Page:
Watched Apr 18, 2010
Before the 2010 program was published, fest director Meg Hamel let slip that she was planning to screen all four of Bong Joon-Ho's feature films. Though a big fan of commercial Asian cinema (director Kiyoshi Kurosawa is probably my all-time favorite film fest discovery, dating back to WFF2004's Cure), I'd yet to take in a Bong hit, and while my ambitious itinerary was to see all four, I only caught two. The first was the monster movie The Host; reviews for this movie said Bong here most resembled Spielberg, a crazy claim because despite his commercial juggernaut status no other director's work is really like Spielberg's, but damned if The Host doesn't show a tremendous facility for the sleights of hand of blockbuster filmmaking, a way of taking wonder and making it emotionally believable because it's refracted through the prism of a family's response. This screened at 10 p.m. on Thursday at the Orpheum Main Stage, and oh, the screams were beautiful. The second Bong movie I saw was Mother, his latest and the fest's closing night selection. This time, the critical comparisons tilt toward Hitchcock.
Hitchcock is a hilarious director to invoke on the subject of mothers for many reasons, but the most obvious is Psycho: Mom as superego-cum-killer-cum-id. Does Psycho's mother tell us anything about Mother? Sure. In both, the mother (here played by Kim Hye-ja) is preoccupied by the welfare of her too-old, living-at-home, mildly mentally incompetent bachelor son (here named Do-joon, played by Won Bin), whose sexual attraction to a troubled woman becomes the point of no return in a chain of events that will leave the woman dead...and she won't be the only one. All of that, plus: We all go a little mad sometimes.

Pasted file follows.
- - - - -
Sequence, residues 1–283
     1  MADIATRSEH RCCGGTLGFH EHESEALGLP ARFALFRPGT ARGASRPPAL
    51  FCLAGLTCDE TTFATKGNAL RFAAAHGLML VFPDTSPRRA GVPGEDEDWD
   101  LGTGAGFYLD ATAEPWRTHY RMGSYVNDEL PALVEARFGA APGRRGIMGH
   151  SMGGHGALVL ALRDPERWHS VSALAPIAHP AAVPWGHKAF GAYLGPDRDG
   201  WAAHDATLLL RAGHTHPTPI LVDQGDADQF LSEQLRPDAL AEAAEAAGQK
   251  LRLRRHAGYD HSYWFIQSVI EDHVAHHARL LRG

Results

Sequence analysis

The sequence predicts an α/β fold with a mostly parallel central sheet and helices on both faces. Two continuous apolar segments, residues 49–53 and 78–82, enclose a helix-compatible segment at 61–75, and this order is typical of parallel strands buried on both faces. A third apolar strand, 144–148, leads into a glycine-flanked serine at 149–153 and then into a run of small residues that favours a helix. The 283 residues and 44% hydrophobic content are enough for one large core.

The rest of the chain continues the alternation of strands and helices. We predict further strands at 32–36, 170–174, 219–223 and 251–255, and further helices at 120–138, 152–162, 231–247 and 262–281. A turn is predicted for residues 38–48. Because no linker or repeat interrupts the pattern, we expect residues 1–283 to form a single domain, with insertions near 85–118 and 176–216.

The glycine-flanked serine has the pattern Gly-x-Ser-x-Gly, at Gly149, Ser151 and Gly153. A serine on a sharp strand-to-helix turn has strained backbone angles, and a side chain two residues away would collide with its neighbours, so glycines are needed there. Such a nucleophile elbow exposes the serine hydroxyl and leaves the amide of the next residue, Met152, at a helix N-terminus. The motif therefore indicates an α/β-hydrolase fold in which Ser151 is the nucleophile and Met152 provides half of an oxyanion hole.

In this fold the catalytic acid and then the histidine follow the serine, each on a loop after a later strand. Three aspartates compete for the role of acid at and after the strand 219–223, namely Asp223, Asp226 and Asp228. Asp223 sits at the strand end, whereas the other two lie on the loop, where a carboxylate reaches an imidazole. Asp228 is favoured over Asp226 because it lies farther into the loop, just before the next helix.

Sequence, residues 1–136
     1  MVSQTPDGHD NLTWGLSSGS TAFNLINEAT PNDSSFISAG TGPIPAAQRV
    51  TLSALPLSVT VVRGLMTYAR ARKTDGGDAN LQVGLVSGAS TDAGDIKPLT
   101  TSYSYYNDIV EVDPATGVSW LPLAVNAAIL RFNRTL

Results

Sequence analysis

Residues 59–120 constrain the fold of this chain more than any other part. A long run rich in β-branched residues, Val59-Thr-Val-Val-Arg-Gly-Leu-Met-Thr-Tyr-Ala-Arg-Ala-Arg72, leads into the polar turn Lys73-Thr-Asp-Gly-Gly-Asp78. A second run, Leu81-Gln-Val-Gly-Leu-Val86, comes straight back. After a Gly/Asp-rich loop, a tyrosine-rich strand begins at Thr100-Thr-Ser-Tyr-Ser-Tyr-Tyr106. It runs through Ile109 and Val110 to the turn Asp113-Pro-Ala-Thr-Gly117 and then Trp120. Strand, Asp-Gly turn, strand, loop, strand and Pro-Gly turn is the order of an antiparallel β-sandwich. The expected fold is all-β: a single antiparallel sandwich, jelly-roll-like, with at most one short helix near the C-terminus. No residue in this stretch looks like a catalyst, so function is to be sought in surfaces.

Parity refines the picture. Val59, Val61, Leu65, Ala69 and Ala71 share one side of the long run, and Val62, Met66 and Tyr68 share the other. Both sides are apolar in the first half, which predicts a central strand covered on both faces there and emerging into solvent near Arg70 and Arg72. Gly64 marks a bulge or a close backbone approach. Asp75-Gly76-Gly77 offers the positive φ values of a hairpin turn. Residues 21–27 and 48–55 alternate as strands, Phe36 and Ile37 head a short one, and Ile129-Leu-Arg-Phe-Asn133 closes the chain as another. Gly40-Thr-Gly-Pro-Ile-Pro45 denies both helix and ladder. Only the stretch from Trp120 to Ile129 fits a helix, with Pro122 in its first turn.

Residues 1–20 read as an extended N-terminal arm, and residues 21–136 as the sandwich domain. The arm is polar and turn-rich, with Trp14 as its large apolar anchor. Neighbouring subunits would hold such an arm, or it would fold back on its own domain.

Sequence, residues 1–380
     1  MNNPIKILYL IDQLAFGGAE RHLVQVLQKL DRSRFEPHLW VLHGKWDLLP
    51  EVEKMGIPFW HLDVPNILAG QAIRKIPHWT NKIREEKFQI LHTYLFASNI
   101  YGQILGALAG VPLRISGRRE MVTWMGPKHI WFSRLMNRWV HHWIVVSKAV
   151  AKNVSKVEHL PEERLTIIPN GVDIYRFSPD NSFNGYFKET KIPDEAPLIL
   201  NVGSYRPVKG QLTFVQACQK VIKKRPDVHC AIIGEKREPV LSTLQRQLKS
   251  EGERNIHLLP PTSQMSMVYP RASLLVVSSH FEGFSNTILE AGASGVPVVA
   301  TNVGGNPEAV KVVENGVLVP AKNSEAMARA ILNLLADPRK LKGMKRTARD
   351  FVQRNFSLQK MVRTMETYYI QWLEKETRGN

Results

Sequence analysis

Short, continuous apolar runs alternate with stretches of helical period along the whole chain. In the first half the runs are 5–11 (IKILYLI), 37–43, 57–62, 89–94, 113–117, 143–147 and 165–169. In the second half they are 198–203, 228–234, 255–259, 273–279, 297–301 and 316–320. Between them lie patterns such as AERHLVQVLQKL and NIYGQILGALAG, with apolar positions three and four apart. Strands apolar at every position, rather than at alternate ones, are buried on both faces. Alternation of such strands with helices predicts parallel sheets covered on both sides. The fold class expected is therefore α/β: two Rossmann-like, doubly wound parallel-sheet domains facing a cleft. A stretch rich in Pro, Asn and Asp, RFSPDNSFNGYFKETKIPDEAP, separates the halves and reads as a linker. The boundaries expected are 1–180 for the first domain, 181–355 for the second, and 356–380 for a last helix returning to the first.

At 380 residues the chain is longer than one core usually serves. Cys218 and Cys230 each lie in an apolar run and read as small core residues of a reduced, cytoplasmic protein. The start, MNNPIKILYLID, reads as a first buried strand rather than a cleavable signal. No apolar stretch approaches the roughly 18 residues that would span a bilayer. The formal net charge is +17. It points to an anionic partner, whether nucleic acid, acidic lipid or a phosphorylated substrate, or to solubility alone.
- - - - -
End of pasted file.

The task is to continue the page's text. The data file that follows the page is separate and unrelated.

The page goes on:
Now, that's a snapshot of cutesy commonality rather than a true genetic match, but saying Mother is Hitchcockian doesn't oversell Bong's dread-soaked thriller. Kim's barnstorming performance as a mom out to prove her son's innocence is a kitchen-sink cavalcade, but the movie's true genius is, every 10 minutes or so, making you say, "Oh, so that's what the movie is really about." For instance: It starts with Do-joon being hit by a Mercedes, and his mother screams and runs into the street, but his injury isn't the story; he jumps in his friend's car for chase down the assaulter, but revenge isn't the story; they find the car, now parked at a golf course, and each try to knock off a mirror, but vandalism isn't the story; they lie in wait for the rich golfers on a late fairway, with the friend venting while Do-joon pleasantly plucks golf balls from the water hazard, but this George and Lennie relationship isn't the story; finally they engage the careless driver and his friends in a fairly bloodless fracas, but during the chaos Do-joon's friend takes a pricey golf club and throws it into the shallow end of the pond. Is this the story, the friend feigning concern about the traffic accident and just using it as a pretext to steal something valuable for himself? Yes, no, maybe so. This constant redefinition, always sparked by an unexpected story choice or character revelation, keeps viewers from growing complacent, and as the trapdoors keep springing beneath you, your understanding of the larger story -- beginning long before Do-joon was at the wrong place at the wrong time with the wrong woman -- grows grimmer and grimmer.